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Title: Zinc on the move : insights towards understanding zinc homeostasis in the open ocean cyanobacterium Synechococcus sp. WH8102
Author: Ksibe, Amira Z.
Awarding Body: University of Warwick
Current Institution: University of Warwick
Date of Award: 2017
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Abstract:
Since the discovery of zinc as an essential element for living organisms including humans, animals, plants, fungi and bacteria, much has been learnt about zinc in biological systems, ranging from its effects at the whole organism level, including the uptake/efflux of zinc, identification of important zinc-regulator proteins, down to structural, thermodynamic, and kinetic details of zinc-protein interactions. One of the most exciting fields to work on, currently, is understanding the importance of zinc “on the move” - in particular the “acquisition and homeostasis” of this micronutrient element by the organisms. In this wider context, zinc homeostasis by open ocean cyanobacteria, which occupy variable ecosystems with an erratic nutrient supply, has become of recent interest. In an attempt to resolve how open ocean cyanobacteria persist in regions where the zinc concentration is thought to be limited, we hypothesised that the cyanobacterium Synechococcus sp. WH8102 might provide an extracellular zinc scavenger for the acquisition of this essential element. Therefore, the current study developed a method to isolate and purify the putative biogenic zinc-binding ligand (zincophore) using polystyrene-divinylbenzene resin and liquid chromatographies. However, it seems likely Synechococcus sp. WH8102 produce ligands that can bind to zinc only under zinc-depleted conditions. Then, we performed zinc limitation and repletion experiments on axenic cultures of marine Synechococcus sp. WH8102, and data determined that this strain mounted an adaptive response for zinc under depleted and replete conditions, resulting in the induction and/or repression of a number of proteins. As a homologue to the Fur family, Zur from Synechococcus sp. WH8102 was sub-cloned and purified in the absence of zinc ions in the cultures. Synechococcus sp. WH8102 Zur protein at neutral pH (~pH 7.8), in mass spectrometry, presented as a mixture of species including a monomer with two zinc ions bound Zn2Zur, a dimer with four zinc ions bound, and another well folded Zn4Zur2 dimer. The complementary technique, ICP-OES, confirmed that the zinc binding stoichiometry was in agreement with mass spectrometric findings, 2.1±0.2 Zn(II) ions per monomer. Mimicking a drop in available cellular zinc as may be expected in zinc-deplete conditions, it was found that only one of the two metal ions bound per monomer was removed by EDTA from Synechococcus sp. WH8102 Zur protein, giving 0.9 ± 0.3 Zn(II) atoms per monomer, with shifting in the monomer/dimer equilibrium toward Zn1Zur species. No large difference in the secondary structure between the metallo-species of the SynZur protein was found in CD spectroscopy. Moreover, Synechococcus sp. WH8102 Zur protein was found to behave in a similar manner to previously studied Fur family proteins, where zinc removal from the sensory site is fully reversible and has the ability to re-establish a (2:1) Zn(II):protein ratio in less than 15 min with 1.9 ± 0.4 Zn(II) atoms per monomer. Similarly, Synechococcus sp. WH8102 Zur was found to act as a transcriptional factor in the presence of zinc ions and bind specifically to 23 AT-rich DNA sequence. The “free” cytosolic zinc concentrations that Zur protein trigger transcription of znuABC and smtA found to be in femtomolar range ~ 1.78 ×10-15, with the dissociation constant ~ 62.65±1.47 nM and 61.76 ± 2.42 nM for Zur-PznuA promoter and SynZur-PsmtA promoter, respectively.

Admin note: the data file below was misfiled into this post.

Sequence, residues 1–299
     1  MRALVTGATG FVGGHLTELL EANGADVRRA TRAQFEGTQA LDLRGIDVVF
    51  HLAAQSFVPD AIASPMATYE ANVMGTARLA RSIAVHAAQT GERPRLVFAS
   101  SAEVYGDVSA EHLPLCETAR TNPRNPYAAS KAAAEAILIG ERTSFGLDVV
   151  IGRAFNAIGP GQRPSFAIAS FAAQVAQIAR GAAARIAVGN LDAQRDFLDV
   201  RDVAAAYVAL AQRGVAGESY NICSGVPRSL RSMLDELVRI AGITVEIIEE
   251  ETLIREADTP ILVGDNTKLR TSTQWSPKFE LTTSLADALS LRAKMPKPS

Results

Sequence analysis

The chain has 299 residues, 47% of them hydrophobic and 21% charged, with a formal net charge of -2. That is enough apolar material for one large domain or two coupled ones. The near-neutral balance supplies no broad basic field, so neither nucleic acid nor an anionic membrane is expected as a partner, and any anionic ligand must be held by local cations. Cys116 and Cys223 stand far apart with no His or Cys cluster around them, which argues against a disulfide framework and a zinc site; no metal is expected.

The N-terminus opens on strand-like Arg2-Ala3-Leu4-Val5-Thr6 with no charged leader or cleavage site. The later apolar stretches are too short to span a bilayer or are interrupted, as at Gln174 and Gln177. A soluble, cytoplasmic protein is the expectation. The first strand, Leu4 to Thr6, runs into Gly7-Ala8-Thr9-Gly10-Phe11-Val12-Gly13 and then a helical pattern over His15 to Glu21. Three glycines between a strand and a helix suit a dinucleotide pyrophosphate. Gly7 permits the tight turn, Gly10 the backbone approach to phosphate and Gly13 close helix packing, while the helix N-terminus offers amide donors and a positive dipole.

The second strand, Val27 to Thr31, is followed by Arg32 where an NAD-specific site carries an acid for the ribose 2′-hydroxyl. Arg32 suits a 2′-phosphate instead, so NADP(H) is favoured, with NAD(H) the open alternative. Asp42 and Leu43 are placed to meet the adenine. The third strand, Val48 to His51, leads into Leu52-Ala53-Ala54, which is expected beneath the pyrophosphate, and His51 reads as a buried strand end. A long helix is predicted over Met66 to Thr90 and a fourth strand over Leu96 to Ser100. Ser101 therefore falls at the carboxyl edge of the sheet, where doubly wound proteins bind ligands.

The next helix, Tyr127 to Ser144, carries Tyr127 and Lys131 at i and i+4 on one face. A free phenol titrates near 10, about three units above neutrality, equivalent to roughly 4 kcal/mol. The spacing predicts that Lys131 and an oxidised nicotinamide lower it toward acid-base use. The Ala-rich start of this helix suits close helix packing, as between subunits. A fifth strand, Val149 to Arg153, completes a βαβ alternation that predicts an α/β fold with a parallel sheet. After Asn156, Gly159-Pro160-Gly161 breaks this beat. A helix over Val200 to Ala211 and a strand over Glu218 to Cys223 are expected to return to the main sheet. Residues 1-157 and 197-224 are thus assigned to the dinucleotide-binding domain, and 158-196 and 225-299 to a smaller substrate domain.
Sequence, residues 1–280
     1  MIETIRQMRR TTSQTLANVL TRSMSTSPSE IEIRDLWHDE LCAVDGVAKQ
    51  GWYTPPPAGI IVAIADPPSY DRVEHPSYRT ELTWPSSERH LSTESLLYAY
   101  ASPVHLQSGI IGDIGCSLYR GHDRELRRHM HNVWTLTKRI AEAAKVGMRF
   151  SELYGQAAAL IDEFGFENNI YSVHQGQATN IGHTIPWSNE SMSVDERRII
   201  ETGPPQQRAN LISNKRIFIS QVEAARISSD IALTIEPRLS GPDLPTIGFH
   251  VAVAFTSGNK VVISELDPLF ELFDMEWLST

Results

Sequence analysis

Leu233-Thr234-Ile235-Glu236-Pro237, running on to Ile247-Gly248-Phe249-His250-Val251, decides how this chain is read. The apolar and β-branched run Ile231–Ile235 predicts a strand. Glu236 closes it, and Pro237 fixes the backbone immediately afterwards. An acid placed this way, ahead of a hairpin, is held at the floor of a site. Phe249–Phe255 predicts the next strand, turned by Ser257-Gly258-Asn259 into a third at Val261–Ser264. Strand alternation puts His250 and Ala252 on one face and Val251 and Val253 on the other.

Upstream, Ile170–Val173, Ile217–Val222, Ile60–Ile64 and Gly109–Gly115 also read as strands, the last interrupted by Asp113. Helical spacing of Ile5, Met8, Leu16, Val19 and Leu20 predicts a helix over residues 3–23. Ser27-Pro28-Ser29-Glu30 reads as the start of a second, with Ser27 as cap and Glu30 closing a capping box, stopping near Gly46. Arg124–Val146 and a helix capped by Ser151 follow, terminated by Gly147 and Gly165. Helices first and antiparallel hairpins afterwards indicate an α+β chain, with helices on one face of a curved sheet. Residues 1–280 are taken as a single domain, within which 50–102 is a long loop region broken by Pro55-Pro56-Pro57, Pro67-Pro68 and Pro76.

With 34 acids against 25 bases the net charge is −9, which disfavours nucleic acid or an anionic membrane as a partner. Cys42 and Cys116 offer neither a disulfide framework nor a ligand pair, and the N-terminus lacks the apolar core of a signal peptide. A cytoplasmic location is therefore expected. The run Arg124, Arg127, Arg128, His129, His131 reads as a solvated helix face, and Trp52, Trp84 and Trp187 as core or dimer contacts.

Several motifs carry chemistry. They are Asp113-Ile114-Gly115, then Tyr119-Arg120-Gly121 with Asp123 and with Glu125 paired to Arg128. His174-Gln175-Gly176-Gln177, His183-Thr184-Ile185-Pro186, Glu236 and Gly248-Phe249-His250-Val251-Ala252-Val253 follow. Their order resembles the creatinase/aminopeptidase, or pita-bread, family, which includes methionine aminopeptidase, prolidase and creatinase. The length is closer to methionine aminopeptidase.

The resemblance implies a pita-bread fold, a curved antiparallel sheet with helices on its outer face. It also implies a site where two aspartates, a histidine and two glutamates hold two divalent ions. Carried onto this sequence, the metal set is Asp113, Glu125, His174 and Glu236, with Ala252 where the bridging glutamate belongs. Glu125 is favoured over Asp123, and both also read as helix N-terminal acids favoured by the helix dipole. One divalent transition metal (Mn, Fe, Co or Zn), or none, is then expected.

Supervisor: Not available Sponsor: University of Warwick ; Wizārat al-Taʻlīm al-ʻĀlī ; Syria
Qualification Name: Thesis (Ph.D.) Qualification Level: Doctoral
EThOS ID: uk.bl.ethos.720499  DOI: Not available
Keywords: QD Chemistry
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